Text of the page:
Next week, the parties to the Nuclear Non-Proliferation Treaty (NPT) will meet in Vienna to begin preparations for a five-year treaty Review Conference in 2015. One topic of discussion will be how best to universalize the Additional Protocol for safeguards among the 185 non-nuclear-weapon states Party to the Treaty. 

It has been fifteen years since the Additional Protocol was approved by the International Atomic Energy Agency (IAEA) to rectify serious deficits in IAEA inspections and verification by improving the IAEA’s ability to detect undeclared nuclear material and activities. But NPT parties still have not reached a consensus that the protocol should be an essential component of their long-standing Comprehensive Safeguards Agreements. In 2015, they will likely remain divided.

Mark Hibbs
Hibbs is a Germany-based nonresident senior fellow in Carnegie’s Nuclear Policy Program. His areas of expertise are nuclear verification and safeguards, multilateral nuclear trade policy, international nuclear cooperation, and nonproliferation arrangements.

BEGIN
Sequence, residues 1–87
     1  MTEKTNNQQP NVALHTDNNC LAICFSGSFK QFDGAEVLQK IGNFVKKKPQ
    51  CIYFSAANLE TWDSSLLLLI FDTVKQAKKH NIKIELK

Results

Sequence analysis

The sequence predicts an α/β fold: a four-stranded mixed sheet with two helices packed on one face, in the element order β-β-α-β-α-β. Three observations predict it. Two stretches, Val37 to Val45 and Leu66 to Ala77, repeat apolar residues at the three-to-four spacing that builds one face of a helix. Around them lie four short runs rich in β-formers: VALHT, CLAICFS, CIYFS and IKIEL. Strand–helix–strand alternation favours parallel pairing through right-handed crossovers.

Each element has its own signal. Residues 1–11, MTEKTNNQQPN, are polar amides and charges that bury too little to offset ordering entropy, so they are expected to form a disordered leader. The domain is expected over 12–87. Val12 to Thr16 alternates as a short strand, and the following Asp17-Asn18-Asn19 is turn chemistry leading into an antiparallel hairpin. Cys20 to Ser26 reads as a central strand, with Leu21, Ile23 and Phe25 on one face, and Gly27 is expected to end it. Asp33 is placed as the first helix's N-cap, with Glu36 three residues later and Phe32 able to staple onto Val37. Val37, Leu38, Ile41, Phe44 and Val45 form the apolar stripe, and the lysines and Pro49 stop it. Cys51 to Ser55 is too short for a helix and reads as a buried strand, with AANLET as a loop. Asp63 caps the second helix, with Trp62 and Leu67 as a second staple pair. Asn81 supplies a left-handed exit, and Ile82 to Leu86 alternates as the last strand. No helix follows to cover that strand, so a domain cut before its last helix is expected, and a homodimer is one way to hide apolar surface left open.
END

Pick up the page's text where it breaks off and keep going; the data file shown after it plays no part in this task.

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The reason is that getting countries nowadays to agree on new common norms and standards governing their nuclear behavior is tough. That lesson was underscored by the two Nuclear Security Summits held in 2010 and this March, as well as the Ministerial Conference on Nuclear Safety held last June after the Fukushima accident. At these events, governments showed that they are not willing to give the IAEA greater blanket authority to peek inside their civilian nuclear energy programs in matters of nuclear security and nuclear safety. Some states are similarly averse to strengthening the IAEA’s authority to enhance nonproliferation.

But there is a way forward on the Additional Protocol. The IAEA and committed member states should provide resources and support to enable the 66 countries still without a protocol—mostly developing nations with few or no declared nuclear activities—to conclude and implement the measure. Efforts should also continue to engage the half-dozen states with nuclear assets that oppose the Additional Protocol, recognizing however that they may not sign on the dotted line without a change in leadership.

As in nuclear safety and security, in nonproliferation only an incremental approach will be feasible for the foreseeable future. After all but a tiny number of states have implemented the Additional Protocol, it will then be possible to subject the remaining holdouts to diplomatic pressure to encourage their participation.

Evolving Threat Assessment